“Quesillo: Venezuelan Dessert, Mexican Cheese, Nicaraguan Snack”

Quesillo slice in a plate

“Quesillo” can be a Venezuelan caramel flan, a stringy Mexican Oaxaca cheese, or a Nicaraguan soft cheese snack with pickled onions and sour cream.



Venezuelan Quesillo (Dessert):


Condensed milk

Whole milk

Sugar (for caramel)

Vanilla extract

Mexican Quesillo (Oaxaca Cheese):

Cow’s milk



Nicaraguan Quesillo (Street Food):

Soft white cheese (such as fresh cheese or queso fresco)

Pickled onions

Sour cream (or crema)

Corn tortillas


Each variation of quesillo highlights different ingredients and culinary traditions from its region.

Directions of “quesillo “

Here are the directions for making the three different types of quesillo:

Venezuelan Quesillo (Dessert):


Five eggs

One can (14 oz) sweetened condensed milk

2 cups whole milk

1 cup sugar (for caramel)

One teaspoon of vanilla extract


Prepare the Caramel:

In a saucepan over medium heat, melt the sugar until it becomes golden caramel. Carefully pour the caramel into a flan mould or a round baking dish, tilting to coat the bottom and sides. Set aside to cool and harden.

Prepare the Custard:

Combine the eggs, sweetened condensed milk, whole milk, and vanilla extract in a blender. Blend until smooth.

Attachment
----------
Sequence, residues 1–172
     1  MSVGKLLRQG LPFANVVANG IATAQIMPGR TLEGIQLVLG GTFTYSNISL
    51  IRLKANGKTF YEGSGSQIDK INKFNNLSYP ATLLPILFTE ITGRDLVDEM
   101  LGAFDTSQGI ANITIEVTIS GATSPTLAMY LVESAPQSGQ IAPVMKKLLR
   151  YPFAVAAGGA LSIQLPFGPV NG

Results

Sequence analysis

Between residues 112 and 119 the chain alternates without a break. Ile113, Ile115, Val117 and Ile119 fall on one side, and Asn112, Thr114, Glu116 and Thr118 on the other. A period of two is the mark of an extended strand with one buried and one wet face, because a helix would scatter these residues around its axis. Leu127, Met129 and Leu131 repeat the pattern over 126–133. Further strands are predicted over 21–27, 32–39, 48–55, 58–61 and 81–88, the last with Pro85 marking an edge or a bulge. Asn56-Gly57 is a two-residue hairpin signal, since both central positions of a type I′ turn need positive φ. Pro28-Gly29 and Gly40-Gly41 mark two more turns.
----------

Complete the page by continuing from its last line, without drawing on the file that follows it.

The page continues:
Assemble and Bake:

Pour the custard mixture into the caramel-coated mould. Cover the mould with aluminium foil.

Place the mould in a larger baking dish and add hot water to the larger dish to create a water bath, reaching about halfway up the sides of the mould.

Bake in a preheated oven at 350°F (175°C) for about 1 hour or until the custard is set and a knife inserted in the centre comes clean.

Cool and Serve:

After taking out the mould from the water bath, let it to reach room temperature.Refrigerate for at least 4 hours, preferably overnight.

To serve, run a knife around the edges of the mould and invert the quesadilla onto a serving plate.

Mexican Quesillo (Oaxaca Cheese):


1-gallon cow’s milk

1/4 tablet or 1/4 teaspoon of liquid rennet

1/4 cup water (if using rennet tablet)

Two teaspoons salt


Prepare the Milk:

Heat the milk in a large pot to 90°F (32°C). If using a rennet tablet, dissolve it in the water.


Add the dissolved rennet (or liquid rennet) to the warm milk, stirring gently. Let the mixture sit undisturbed for about an hour until it forms a solid curd.

Cut and Cook the Curd:

Cut the curd into 1/2-inch cubes. Give the curds five minutes to rest..

Slowly heat the curds to 105°F (40°C), stirring gently to prevent clumping, and maintain this temperature for about 30 minutes.

Drain the Curds:

Pour off the whey and transfer the curds to a colander lined with cheesecloth. Sprinkle with salt and mix gently.

Stretch the Cheese:

Heat a pot of water to 180°F (82°C). Cut the curds into strips and dip them in the hot water to soften.

Stretch and knead the curds like taffy until smooth and elastic, then form into a ball or braid.

Cool and Store:

Place the cheese in a bowl of cold water to set its shape.Keep chilled until you’re ready to utilise it.

Nicaraguan Quesillo (Street Food):


Fresh soft white cheese (queso fresco)

Pickled onions

Sour cream or crema

Corn tortillas



Prepare the Pickled Onions: